The requirements for self-isolation related to border crossing will change
The European Union and the Economic Area, the Schengen area, and the countries on the EU common list
The obligation of self-isolation does not extend to those people who arrive in Estonia from a country with an infection rate of less than 25 people per 100,000 inhabitants.
If the country’s infection rate is between 25 and 50, the requirement of self-isolation depends on whether it is lower or higher than 1.1 times the Estonian rate.
If the infection rate is lower than the Estonian rate, the person does not have to self-isolate. If it is higher, then a two-week self-isolation obligation applies.
If a person comes to Estonia from a country with an infection rate of 50 or more per 100,000 inhabitants, they must in any case remain in self-isolation.
The data on national infection rates is updated once a week on the website of the Ministry of Foreign Affairs. Estonia’s infection rate multiplier of 1.1 allows a 10% fluctuation, which is necessary to exclude re-calculation due to changes in national indicators within a week.
Free movement between the Baltic States and Finland remains in force
The general increase in the self-isolation requirement limit will also change the self-isolation limit for people arriving from Latvia, Lithuania, and Finland from the current 25 to 50. This change ensures that the previously valid principle that people can come to Estonia from these countries to work, study, see a doctor, participate in unavoidable family events, or for transit purposes is maintained.
The Government Communication Office will publish the amendment to order No. 282 and an explanatory memorandum on the website https://www.kriis.ee/en.
Estonia supports the proposal of the Council of the European Union to harmonise the general principles related to travel
The Council of the European Union recommends that Member States introduce a ‘colour-coded’ risk category map to help harmonise travel. The recommendation stipulates that the European Centre for Disease Prevention and Control will publish a weekly map of risk areas where EU areas are identified pursuant to their level of risk in accordance with the agreed criteria and colour coding. Member States can use this data when imposing movement restrictions to prevent the spread of the virus. The use of the same basic data is an important precondition for the harmonisation of national approaches.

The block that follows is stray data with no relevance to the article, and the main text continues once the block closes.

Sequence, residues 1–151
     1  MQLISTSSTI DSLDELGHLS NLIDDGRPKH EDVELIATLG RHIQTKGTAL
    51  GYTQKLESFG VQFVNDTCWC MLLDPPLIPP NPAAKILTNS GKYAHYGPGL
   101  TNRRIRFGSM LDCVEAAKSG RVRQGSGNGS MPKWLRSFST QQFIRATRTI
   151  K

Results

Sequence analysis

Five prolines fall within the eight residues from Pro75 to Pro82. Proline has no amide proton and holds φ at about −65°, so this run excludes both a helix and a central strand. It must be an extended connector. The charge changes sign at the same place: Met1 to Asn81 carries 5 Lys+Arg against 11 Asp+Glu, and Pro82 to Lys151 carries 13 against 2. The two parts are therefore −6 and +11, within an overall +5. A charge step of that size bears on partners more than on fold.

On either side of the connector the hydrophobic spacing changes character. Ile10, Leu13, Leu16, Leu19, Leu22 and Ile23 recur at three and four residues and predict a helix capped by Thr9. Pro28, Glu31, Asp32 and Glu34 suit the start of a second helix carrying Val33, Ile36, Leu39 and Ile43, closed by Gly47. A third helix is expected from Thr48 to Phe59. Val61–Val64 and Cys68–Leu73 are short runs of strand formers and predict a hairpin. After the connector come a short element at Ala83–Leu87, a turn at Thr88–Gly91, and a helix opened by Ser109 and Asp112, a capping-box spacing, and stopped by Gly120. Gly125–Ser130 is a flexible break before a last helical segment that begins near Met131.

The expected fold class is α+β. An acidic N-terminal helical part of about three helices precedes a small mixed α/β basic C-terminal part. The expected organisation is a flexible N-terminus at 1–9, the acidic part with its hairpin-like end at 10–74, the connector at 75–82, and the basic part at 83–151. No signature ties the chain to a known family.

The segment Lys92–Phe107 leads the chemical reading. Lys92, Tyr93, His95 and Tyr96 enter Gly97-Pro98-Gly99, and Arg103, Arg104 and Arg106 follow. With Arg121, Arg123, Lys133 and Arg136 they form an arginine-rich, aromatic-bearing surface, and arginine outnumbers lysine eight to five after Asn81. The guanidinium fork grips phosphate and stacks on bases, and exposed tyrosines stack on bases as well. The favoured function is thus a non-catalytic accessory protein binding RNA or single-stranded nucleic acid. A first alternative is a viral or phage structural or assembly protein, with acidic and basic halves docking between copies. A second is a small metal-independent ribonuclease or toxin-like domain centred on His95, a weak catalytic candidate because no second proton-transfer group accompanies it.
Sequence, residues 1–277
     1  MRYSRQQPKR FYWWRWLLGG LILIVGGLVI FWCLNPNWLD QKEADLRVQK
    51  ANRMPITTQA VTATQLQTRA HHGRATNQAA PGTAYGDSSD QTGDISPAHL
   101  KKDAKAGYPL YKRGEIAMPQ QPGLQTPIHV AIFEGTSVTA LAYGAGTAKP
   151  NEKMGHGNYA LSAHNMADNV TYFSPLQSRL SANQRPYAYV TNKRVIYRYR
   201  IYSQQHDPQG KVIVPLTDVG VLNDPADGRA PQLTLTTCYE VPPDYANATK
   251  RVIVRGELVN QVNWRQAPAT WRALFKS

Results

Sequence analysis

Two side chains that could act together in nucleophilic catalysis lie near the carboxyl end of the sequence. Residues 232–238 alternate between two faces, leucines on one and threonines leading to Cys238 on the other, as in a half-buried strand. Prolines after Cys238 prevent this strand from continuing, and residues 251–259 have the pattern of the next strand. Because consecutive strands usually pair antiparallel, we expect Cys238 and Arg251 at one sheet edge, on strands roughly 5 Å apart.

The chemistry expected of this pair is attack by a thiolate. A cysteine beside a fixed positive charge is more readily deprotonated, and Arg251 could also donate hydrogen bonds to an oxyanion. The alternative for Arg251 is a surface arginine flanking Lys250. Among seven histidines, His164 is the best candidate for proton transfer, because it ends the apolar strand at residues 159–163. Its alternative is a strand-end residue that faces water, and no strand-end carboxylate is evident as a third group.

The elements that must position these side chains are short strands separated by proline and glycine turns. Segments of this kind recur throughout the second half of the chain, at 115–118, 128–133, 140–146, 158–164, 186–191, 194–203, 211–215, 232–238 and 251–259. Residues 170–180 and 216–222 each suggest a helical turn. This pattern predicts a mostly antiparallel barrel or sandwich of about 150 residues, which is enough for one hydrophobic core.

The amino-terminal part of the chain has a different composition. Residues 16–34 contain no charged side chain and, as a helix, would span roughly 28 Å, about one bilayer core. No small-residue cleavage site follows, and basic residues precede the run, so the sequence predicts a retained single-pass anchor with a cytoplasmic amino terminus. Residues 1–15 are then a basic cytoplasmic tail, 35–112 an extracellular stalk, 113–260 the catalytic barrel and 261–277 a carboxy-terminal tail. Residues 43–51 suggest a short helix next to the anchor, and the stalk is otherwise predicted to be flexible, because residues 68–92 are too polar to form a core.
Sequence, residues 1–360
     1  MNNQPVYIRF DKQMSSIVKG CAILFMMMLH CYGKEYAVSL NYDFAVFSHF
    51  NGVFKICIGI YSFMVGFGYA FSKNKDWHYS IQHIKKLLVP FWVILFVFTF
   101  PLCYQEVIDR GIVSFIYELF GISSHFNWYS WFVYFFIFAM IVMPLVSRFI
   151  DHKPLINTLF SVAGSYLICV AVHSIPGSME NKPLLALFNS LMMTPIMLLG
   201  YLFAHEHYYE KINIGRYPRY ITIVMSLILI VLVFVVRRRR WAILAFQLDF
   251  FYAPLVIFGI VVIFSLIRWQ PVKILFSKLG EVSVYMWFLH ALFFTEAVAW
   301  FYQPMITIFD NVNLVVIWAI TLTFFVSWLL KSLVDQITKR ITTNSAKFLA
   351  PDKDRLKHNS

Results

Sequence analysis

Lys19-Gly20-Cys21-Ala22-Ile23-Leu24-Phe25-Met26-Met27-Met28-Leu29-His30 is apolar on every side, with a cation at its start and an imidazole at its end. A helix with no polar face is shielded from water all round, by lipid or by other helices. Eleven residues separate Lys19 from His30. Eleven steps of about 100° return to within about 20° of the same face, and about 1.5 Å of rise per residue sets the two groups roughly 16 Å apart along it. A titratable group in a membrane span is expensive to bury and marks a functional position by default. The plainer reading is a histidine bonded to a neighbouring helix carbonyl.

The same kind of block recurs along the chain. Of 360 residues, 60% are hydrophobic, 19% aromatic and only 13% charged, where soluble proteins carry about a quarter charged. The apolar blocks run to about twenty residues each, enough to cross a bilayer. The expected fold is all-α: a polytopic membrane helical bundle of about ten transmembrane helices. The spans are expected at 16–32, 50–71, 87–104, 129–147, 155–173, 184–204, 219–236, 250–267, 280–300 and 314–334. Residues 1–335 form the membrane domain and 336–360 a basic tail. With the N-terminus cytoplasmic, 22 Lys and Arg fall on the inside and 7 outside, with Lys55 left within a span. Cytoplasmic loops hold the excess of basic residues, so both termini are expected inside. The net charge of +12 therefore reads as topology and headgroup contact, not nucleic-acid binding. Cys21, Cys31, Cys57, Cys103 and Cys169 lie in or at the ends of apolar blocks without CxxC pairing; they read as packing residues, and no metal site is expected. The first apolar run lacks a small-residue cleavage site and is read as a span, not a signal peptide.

The proposed colour-coding scheme stipulates that if a Member State has had an infection rate of less than 25 per 100,000 inhabitants in the last 14 days and a positive test rate of less than 4%, there will be no restrictions on travelling to that country. Estonia agrees with this approach and also establishes in national law the infection rate of countries (less than 25 cases per 100,000 inhabitants in the last two weeks) where a person will not be subject to the obligation of self-isolation when entering Estonia.
The colour coding scheme proposed by the Council of the European Union includes orange, red, and grey, all of which indicate the rate of infection or the extent of testing. In these cases, Member States can set their own requirements for self-isolation or other confidence-building measures, depending on their local circumstances.
The Council’s recommendations also provide for a common format for the passenger questionnaire, which will be developed electronically where possible. Member States are also encouraged to cooperate closely on testing, including on the verification of test certificates, and to agree on procedures for the prior notification of possible restrictive measures to other countries, stakeholders, and the public.
Estonia finds that the approval of the Council’s recommendation will help to protect the health and well-being of EU citizens in a way that does not unduly impede freedom of movement and preserves the maximum possible functioning of the internal market. Uniform rules across Europe make it easier for people and businesses to follow them. It is important that the recommendation leaves sufficient flexibility to each Member State to decide on restrictions.
Source: Tallinn, Stenbock House, 9 October 2020